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Hundreds of people came together at about 6:30 p.m. on Aug. 27 to march through downtown Evanston in response to the shooting of Jacob Blake, who was severely wounded at the hands of a Kenosha, Wis. police officer. Marchers, led by Evanston Fight for Black Lives organizers, chanted “Jacob Blake matters.” The protest was peaceful throughout, ending by about 8 p.m. Evanston police officers blocked off local streets for the march.
Evanston resident Heather Hancock said her daughter, a graduate of the ETHS Class of 2018 and currently a student at Emory University in Atlanta, called to make sure that she would attend the march.
“I follow Evanston Fight for Black Lives. When I learned about it, I knew I wanted to go, to help get attention and keep attention on this issue. It’s not going away,” said Ms. Hancock.
In a span of 48 hours in Kenosha, Wis.: An unarmed Black man, Mr. Blake, is shot seven times in the back by local law enforcement on Aug. 23. A short time later, a 17-year-old white man with an assault rifle appears to move freely through the streets, in front of police officers, with seemingly no effort on the part of law enforcement to stop him before he shoots and kills two peaceful protesters.
Evanston Fight for Black Lives is currently comprised of 12 young activists who have graduated from ETHS or are current students. They are all young women, between the ages of 17-25. They started out as a group of eight people who organized the May 31 Evanston Fight for Black Lives protest that drew more than 5,000 marchers who called for justice following the murder of George Floyd by Minneapolis law enforcement.
Organizer Nia Williams said some new folks have joined the group because of the varying schedules of those who are now in college.
“It is about availability, and who can do what and at what time,” said Ms. Williams.
After spending three months meeting with Evanston aldermen, citizens, community leaders and other officials including Mayor Stephen Hagerty, the group released “Defunding the Evanston Police Department Plan of Action” on Aug. 27, after the march.
Ms. Williams said the release of the packet just happened to coincide with the protest on Thursday evening.
“We were going to release the packet regardless [of the protest]. We wanted to make a plan of action that the local government could put into place, but then another Black person gets shot, and of course we have to respond, so we decided that we were going to do the march and put out the packet as well,” said Ms. Williams, who was among the original members of the group.
The “Background” section of the document, states the group’s purpose in creating the plan as follows:
“In this document, we hope to show you why we need to defund our police department, how to remodel the current police force, and immediate action steps to take into consideration. We include a thorough model for defunding the police and its impact, alongside real-world alternatives. It is our intention that this document can be used to shape conversations on defunding occurring at a governmental level, both in the Health and Human Services Committee and in the City Council at large.”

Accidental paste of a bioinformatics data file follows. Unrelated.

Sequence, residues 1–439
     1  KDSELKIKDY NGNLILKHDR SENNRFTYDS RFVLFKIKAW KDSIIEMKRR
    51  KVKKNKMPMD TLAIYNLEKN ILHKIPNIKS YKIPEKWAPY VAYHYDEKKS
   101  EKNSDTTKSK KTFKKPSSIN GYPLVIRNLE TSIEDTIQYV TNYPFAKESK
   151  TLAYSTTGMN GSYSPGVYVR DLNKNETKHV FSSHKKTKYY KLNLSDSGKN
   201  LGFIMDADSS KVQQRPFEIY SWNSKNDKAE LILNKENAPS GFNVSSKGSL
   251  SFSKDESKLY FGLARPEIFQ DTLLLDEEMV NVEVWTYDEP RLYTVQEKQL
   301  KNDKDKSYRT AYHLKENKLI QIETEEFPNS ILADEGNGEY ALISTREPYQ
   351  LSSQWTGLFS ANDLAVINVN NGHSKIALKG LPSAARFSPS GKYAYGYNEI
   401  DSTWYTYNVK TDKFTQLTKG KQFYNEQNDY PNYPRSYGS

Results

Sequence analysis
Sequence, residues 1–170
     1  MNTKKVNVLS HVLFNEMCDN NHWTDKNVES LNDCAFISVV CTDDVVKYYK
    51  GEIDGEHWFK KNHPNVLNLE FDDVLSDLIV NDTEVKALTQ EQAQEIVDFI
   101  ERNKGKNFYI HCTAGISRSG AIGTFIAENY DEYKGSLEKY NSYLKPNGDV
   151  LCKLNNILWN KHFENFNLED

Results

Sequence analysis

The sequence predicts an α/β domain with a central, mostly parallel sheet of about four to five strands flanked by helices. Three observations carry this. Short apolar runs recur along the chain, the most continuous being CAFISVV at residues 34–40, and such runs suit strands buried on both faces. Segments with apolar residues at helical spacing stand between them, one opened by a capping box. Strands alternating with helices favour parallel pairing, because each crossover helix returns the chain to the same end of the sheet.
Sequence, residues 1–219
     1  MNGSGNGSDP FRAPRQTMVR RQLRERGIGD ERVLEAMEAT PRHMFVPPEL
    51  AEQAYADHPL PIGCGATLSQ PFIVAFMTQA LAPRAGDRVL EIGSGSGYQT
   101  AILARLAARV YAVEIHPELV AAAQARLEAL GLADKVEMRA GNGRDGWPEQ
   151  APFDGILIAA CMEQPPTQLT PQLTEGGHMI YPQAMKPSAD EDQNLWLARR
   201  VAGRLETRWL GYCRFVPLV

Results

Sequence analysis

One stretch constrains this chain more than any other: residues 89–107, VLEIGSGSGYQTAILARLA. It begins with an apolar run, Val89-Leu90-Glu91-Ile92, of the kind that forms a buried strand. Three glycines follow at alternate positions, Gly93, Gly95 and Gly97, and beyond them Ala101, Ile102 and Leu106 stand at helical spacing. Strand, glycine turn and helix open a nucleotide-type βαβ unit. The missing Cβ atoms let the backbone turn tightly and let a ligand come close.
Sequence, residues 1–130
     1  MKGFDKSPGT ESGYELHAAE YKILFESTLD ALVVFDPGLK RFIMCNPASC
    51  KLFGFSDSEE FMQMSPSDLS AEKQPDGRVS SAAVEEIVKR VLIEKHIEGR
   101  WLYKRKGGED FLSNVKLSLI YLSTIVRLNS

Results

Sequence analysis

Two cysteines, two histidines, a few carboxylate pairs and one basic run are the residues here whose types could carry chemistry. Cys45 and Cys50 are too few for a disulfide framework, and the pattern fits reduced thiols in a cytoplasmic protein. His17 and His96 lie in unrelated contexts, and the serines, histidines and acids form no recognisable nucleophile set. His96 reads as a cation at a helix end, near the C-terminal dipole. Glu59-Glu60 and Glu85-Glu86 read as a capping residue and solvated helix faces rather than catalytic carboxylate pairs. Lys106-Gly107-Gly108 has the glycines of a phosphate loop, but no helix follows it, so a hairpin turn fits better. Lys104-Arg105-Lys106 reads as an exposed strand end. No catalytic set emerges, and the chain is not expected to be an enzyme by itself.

“Defunding the police” is a term that has the potential for being misunderstood. However, it is widely acknowledged that racial bias was deeply rooted in American policing during the Jim Crow era, and that these biases continue in many forms today.
The members of Evanston Fight for Black Lives and their supporters are focused on shifting resources away from the police department and investing them in other areas of the community. Ms. Williams said some of the resources currently allocated to the police department could be invested in areas such as housing, food insecurity, identifying and treating mental health conditions, and programs aimed at preventing domestic violence.
“What would the world look like without police? How do we hold people accountable for the harm they have caused? When we call for de-funding the police, it’s really a call for us to re-think the ways we hold people accountable and respond to harm.”
The plan of action includes “How to Begin the Defunding Process,” based on the T.S. Mayaki model, “Prioritizing Prevention: A Guide to Saving Black and Brown Lives.”
Ms. Mayaki “urges city leaders to find a system that works to balance accountability while focusing on de-escalation and treating Black citizens as people, not inherent criminals,” according to information provided in the packet.
The plan of action compiled by members of Evanston Fight for Black Lives suggests that Ms. Mayaki’s model should be used by government officials as a reference for alternatives to armed police officers.
Four “Requested Commitments” are listed on the final page of the Evanston Fight For Black Lives Plan of Action document:
1. “We call on the City Council to defund EPD by 75%.”
2. “We demand a subcommittee of civilians and aldermen to be formed by 9/21/20.”
3. “We urge this subcommittee to hold a series of meetings once a week from 9//21/20 to 11/23/20.”
4. “We demand complaints made by citizens against any and all officers and EPD as a whole, as well as any budgetary, disciplinary, and office records that may be necessary be made available to the committee by 9/21/20.”
Ms. Williams said, “As conversations happen, we can get people to understand where we’re coming from, but we’ll still be here, fighting to do what we have to do.”
In addition to Ms. Williams, current members of Evanston Fight for Black Lives include: Maia Robinson, Mollie Hertenstein, Amalia Loiseau, Sinobia Aiden, Julia Shoaf, Liana Wallace, Phoebe Liccardo, Kayla Henning, Sarah Bogan, Katia Bell and Anna Grant Bolten.